Backups can give you a false sense of security.

  • If your backups are stored locally (for example in your main office) and if the storage device (maybe a USB drive or tape) is connected to your network then you are at risk of having your backups infected too. This happened to one of the clients. They had to go back 3 months for a good backup!

  • If your backups are stored locally or remotely (at home or safe deposit box) and those backup devices are Stand Alone (Not connected to your network) then the Ransomware thugs can’t get to it. Your concern now should be

– How current are my backups? and…

– How complete are my backups?

The following has happened to me personally and has permanently changed the way I do backups.

It is likely that you delegate the backup responsibility to someone else. And, like most of us, you assume that the backups are being saved on an agreed upon schedule and using an agreed upon rotation method.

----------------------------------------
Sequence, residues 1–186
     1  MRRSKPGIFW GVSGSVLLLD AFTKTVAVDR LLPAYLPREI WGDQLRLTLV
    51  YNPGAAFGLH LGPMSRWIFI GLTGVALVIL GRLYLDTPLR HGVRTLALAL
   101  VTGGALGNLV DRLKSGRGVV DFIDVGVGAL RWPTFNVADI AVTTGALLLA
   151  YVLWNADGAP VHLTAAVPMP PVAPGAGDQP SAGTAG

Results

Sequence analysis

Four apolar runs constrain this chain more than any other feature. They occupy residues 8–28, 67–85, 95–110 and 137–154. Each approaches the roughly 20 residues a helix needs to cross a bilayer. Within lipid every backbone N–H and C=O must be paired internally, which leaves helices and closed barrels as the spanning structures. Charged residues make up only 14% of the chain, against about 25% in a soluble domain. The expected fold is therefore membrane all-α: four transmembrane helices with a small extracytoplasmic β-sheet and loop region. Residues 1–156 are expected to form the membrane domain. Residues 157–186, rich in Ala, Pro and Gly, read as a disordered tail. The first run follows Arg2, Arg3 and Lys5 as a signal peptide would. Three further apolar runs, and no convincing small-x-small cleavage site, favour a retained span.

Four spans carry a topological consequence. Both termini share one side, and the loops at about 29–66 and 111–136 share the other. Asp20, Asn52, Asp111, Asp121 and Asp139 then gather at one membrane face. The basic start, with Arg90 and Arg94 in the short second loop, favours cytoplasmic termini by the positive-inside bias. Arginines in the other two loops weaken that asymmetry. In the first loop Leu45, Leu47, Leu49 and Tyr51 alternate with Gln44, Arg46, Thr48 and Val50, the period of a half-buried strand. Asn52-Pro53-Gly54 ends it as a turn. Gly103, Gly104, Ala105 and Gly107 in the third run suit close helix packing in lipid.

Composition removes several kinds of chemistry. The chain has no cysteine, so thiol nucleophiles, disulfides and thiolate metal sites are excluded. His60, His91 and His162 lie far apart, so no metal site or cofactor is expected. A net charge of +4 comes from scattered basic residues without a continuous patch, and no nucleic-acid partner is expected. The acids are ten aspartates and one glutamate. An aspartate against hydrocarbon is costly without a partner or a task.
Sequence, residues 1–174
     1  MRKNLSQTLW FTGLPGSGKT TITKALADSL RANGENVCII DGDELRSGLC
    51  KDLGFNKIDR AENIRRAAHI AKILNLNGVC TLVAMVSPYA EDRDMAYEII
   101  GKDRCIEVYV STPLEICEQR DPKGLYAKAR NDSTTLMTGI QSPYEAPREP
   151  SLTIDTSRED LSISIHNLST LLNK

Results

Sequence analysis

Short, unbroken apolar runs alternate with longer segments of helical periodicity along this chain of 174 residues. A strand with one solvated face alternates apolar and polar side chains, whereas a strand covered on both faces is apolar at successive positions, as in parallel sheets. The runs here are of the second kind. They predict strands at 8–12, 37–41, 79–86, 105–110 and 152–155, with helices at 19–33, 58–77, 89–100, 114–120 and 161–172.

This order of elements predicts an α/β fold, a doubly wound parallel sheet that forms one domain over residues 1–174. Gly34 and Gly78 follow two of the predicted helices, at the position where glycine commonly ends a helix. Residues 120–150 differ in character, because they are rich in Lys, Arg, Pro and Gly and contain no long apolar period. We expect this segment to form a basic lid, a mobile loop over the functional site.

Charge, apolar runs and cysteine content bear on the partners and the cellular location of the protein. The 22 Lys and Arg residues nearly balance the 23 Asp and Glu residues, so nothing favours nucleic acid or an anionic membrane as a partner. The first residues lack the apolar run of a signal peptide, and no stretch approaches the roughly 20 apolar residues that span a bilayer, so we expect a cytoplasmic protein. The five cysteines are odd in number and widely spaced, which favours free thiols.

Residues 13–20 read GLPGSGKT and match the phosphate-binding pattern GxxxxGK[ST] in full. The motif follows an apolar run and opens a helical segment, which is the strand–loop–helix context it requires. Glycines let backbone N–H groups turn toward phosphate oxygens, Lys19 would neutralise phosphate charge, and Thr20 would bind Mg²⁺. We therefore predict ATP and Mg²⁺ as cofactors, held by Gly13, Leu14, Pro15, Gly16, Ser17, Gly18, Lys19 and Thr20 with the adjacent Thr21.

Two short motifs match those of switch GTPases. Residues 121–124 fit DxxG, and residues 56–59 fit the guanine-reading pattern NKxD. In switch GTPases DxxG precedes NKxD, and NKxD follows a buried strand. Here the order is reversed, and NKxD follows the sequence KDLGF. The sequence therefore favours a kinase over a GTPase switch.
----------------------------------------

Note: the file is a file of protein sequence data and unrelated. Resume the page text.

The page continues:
One client, several years ago, sent me a tape backup containing data they wanted me to convert. They had been backing up faithfully every evening at 6 pm.

The routine was to insert a new tape before they closed the office and the backup would kick in at 6 pm. In the morning they would pull the tape, label it, store it safely then wait for end of day to repeat the steps. They had one tape for each day of the week and rotated them.

The problem was the backup software failed every evening at 7 pm and no one was there to see that message. So every tape was empty!

A more frequent problem is that the backups are not run as regularly or as completely as they should be. Bottom line — in a disaster recovery situation like this you are only as safe as your last good, full back up.

The only way to prove you have a good backup is to try to restore the data. When was the last time anyone did that for you?